Molly Worthen, an assistant history professor at UNC, recently defended the lecture format in a New York Times editorial.
“Lectures are essential for teaching the humanities’ most basic skills: comprehension and reasoning, skills whose value extends beyond the classroom to the essential demands of working life and citizenship,” she wrote.
She is right. But in defending it, she glosses over the form’s flaws and mischaracterizes active learning. The lecture is a worthwhile component of education. A well-delivered lecture, especially in the humanities, should not be removed from higher education. However, to pretend that the vast majority of lectures are done well is wrong, and to pretend active learning dismisses it is false, too.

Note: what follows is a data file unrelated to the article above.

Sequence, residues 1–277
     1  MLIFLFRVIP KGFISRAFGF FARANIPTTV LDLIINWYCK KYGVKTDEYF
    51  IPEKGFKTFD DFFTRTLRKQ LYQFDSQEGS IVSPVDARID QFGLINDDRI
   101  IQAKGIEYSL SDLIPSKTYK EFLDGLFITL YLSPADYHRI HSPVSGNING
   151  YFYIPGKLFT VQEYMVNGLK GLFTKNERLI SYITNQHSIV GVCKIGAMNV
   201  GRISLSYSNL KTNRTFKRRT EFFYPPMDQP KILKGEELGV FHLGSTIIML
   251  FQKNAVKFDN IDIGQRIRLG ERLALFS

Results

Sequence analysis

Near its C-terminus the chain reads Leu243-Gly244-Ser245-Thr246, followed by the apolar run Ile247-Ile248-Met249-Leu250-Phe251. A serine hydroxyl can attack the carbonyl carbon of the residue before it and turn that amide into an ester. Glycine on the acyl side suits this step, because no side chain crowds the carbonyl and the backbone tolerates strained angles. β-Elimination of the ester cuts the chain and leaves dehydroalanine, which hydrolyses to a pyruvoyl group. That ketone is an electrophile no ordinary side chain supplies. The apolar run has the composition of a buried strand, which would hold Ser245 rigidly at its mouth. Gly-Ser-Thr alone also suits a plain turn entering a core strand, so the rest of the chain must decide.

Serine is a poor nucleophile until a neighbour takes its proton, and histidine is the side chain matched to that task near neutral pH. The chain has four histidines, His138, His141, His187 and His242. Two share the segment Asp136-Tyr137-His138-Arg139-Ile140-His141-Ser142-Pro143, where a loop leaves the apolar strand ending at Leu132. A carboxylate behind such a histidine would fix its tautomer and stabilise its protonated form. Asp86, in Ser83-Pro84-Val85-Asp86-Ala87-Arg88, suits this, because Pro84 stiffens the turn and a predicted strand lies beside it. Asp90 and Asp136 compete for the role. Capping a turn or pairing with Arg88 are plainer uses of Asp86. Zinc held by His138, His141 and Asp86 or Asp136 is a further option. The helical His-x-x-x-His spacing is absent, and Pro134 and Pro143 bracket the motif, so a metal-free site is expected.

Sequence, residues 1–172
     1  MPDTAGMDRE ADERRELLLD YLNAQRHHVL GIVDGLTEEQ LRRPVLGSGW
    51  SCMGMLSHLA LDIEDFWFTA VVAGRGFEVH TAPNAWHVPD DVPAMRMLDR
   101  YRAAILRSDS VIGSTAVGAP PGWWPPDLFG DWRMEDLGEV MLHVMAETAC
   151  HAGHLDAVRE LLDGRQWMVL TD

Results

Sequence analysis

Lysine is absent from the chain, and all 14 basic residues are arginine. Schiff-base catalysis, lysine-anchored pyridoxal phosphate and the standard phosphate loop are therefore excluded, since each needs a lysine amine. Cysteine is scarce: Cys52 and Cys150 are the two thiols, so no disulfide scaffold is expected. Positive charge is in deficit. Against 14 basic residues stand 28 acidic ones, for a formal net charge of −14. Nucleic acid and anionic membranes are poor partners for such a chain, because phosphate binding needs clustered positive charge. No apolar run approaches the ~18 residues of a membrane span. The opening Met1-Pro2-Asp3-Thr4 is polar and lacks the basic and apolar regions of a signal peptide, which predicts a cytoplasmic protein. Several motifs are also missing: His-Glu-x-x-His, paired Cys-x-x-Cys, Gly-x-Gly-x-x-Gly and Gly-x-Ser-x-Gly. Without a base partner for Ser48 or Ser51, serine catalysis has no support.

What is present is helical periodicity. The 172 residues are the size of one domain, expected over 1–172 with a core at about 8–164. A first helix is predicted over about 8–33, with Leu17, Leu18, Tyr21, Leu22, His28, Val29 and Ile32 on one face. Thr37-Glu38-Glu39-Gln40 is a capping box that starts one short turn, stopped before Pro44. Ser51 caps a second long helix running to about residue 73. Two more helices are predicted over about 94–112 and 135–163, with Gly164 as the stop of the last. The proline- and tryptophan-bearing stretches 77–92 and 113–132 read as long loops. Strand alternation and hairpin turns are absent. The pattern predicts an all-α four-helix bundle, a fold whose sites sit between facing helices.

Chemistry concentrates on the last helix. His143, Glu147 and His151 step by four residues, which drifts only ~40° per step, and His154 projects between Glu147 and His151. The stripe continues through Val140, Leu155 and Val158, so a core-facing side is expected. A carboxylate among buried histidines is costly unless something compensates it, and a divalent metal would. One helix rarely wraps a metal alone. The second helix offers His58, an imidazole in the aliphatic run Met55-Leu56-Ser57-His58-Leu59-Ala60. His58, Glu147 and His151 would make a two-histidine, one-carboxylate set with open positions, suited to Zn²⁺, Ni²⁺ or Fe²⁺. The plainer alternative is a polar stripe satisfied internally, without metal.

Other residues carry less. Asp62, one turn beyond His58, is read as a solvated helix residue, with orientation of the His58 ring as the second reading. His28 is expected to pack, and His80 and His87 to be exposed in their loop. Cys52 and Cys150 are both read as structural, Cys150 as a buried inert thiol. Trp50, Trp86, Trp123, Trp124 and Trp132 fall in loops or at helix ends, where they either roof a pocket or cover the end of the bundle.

While some lecturers, Worthen perhaps among them, are worth deeming excellent — many in the comparative literature and history departments come to mind — the lecture format can be an excuse for a professor to put up a PowerPoint and go through the facts.
Almost every student has had a course where a professor has read off slides on a PowerPoint, while they sat in the back watching their classmates on Facebook. That’s not a real lecture, but it happens under the same name.